At 5:15 am, I took his clothes and cane to my car, and then made my way to the top of the parking garage. Pain burned through me as I stood in the dark. I felt empty inside.
With the eclipse well underway, the moon was almost totally obscured. I heard one of the medical staff who was up there to see the eclipse say, “It’s almost done,” not realizing the double meaning the statement held for me. But with the moon in the earth’s shadow, I knew my tears were hardly visible.
I felt the end was near. He had bounced back from so many other close calls, but this one felt different. I had a sinking feeling in the pit of my stomach that he wouldn’t be leaving on the same two feet which had brought him in. I could feel death lurking nearby.
I returned to his room and sat at the foot of his bed, where he lay connected to a tangled array of tubes and wires. That old man lying in the bed with a machine doing his breathing wasn’t my dad. No, my dad was a rock. He was all-man, John-Wayne tough.
I had assumed that when the time neared, I would know, and we would have plenty of time to say all those final things I felt needed to be said. But it wasn’t happening that way. It was sudden. Too sudden. One minute he was his old self and the next he was fighting for his life.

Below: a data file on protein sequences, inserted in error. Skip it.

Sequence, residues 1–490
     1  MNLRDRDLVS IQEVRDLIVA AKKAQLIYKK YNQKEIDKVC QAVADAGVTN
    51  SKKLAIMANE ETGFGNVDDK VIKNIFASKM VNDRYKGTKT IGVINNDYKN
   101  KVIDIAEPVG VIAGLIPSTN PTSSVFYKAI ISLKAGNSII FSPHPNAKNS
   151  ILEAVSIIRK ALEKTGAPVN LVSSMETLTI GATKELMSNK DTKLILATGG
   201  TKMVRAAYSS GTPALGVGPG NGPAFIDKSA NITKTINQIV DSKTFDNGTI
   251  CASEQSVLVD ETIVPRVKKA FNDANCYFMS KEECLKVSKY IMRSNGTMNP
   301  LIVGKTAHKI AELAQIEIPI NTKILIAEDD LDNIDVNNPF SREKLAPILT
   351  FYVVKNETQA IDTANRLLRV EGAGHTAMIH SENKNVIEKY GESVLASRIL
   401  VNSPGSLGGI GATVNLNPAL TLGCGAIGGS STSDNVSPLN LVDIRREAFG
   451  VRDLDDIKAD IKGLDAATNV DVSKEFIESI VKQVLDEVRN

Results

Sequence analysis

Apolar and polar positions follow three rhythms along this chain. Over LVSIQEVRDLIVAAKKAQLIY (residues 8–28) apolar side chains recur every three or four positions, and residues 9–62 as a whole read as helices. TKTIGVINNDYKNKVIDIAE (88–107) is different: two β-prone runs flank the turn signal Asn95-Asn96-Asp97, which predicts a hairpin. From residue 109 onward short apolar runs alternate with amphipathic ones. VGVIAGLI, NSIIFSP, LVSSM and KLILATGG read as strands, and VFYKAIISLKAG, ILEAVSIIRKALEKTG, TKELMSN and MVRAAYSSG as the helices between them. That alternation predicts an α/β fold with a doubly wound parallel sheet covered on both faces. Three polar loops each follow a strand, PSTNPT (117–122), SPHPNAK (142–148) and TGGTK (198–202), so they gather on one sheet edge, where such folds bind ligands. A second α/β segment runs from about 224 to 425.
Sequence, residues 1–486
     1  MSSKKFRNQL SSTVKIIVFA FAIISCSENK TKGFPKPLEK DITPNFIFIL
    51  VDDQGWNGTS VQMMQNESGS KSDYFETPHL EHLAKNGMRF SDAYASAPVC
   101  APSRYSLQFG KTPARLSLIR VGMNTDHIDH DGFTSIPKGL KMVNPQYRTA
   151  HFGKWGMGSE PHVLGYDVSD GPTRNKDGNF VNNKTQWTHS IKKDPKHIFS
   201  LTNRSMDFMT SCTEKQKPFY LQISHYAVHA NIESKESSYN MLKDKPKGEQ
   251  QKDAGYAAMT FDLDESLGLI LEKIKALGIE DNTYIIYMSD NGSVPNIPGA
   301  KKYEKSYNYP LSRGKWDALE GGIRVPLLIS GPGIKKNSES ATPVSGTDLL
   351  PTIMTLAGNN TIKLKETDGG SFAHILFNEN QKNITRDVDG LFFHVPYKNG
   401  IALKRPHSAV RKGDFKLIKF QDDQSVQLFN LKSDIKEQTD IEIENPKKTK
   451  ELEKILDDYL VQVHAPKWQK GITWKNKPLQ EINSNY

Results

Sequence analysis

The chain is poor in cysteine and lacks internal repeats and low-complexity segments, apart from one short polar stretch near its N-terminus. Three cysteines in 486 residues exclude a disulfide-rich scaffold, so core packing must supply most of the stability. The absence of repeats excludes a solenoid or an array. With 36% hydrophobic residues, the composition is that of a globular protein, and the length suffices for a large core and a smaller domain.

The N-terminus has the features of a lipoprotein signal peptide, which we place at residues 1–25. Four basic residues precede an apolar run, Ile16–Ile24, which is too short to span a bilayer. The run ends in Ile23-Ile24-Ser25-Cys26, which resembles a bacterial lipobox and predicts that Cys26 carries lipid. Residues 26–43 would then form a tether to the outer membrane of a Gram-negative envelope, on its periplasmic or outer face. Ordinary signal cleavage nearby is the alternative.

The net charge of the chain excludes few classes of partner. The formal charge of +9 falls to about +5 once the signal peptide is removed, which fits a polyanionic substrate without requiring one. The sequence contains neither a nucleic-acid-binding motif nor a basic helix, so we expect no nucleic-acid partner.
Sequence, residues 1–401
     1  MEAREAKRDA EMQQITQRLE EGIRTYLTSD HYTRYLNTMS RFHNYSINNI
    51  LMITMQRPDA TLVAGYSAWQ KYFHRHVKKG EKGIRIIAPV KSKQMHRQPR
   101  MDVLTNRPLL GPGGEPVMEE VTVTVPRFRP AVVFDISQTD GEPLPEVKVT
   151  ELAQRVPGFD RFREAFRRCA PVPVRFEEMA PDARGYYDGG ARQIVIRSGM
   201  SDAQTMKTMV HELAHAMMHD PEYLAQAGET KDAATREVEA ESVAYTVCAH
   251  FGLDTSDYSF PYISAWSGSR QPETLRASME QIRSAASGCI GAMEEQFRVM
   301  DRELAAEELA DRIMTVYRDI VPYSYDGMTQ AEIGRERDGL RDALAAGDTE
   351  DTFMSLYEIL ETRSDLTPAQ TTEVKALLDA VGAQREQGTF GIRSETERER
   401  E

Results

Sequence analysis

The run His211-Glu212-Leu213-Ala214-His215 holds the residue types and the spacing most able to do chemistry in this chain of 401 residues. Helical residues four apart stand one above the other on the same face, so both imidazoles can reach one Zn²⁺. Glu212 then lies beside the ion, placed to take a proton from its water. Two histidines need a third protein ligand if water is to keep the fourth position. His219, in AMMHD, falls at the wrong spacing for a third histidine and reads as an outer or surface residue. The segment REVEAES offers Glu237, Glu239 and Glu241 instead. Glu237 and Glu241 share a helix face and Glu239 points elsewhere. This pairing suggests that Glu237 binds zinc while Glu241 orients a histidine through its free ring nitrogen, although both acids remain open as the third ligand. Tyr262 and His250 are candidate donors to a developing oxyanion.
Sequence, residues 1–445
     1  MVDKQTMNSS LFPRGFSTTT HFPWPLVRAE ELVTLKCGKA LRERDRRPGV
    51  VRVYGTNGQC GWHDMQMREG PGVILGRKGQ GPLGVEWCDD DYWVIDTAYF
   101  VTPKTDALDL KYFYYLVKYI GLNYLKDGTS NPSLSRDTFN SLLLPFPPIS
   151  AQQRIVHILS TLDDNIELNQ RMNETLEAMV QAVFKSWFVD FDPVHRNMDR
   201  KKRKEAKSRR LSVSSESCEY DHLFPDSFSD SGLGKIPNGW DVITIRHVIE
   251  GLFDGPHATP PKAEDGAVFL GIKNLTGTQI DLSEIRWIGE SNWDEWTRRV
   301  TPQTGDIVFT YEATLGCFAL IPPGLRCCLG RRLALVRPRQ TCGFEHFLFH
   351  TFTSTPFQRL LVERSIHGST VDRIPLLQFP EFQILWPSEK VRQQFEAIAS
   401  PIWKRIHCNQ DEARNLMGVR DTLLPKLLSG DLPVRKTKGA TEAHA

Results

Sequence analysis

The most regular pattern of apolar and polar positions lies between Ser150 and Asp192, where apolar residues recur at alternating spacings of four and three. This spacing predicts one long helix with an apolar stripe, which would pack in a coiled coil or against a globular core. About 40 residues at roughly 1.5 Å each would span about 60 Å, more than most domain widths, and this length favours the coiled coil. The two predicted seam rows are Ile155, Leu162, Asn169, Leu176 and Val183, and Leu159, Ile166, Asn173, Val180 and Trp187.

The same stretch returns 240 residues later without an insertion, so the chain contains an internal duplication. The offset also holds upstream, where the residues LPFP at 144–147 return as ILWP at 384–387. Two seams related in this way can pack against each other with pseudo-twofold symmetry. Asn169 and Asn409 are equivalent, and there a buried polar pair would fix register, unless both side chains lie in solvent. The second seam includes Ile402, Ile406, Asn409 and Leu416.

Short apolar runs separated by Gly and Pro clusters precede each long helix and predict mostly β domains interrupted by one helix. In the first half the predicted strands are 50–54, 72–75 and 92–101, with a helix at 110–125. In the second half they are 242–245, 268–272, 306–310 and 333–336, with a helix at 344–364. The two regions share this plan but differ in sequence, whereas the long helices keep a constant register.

I know my dad knew that I loved him, but I wanted to tell him one last time. To make sure that he understood. This felt so final, so very, very final. He might soon be gone, and would never be coming back. With him and my mother gone, as an only child, I would be alone, save my own wife and children.
I prayed to God to give me another chance, even one more minute to say all those things I wanted him to hear one last time … and God answered my prayers.
My dad survived being extubated and was released to a regular hospital room. I not only had another chance to talk to him, but several more days to tell him I loved him and what a great father he’d been. DeeDee, the kids (Brittany, Michael, and Chris), and I all got to visit with him several times over the next few weeks, as did our closest friends, and by the time he passed, none of us felt that we had left anything unsaid. For this, we will always be grateful.
He fought off the vestiges of age better than most anyone I know. And he continued to fight for the next six weeks with the same gritty determination he had shown throughout his life. But the weight of the congestive heart failure, failing kidneys, anemia, blood sugar issues, and a host of other maladies finally proved to be too much.
On the one hand I never wanted him to die. But on the other, I had dreaded seeing him linger for years with no quality of life, like my mother did. That would kill me. Even seeing his condition for those last few days was horrible.
I know at the end he would have liked to smell fresh cut grass one last time. He’d like to have smelled the salt air, catch one last fish, and see a squall make its way across the open ocean. He’d like to have heard his grandchild laugh, see a bird feed its young, an osprey soar. He’d like to have just one last kiss.
But he lived a long and full life. And as all things, his end had finally come. I miss him.
Disclaimer: Frank Wilem is an author, speaker, and all around funny and entertaining guy. On this blog, his stories are based on his real life experiences, often with a satirical twist.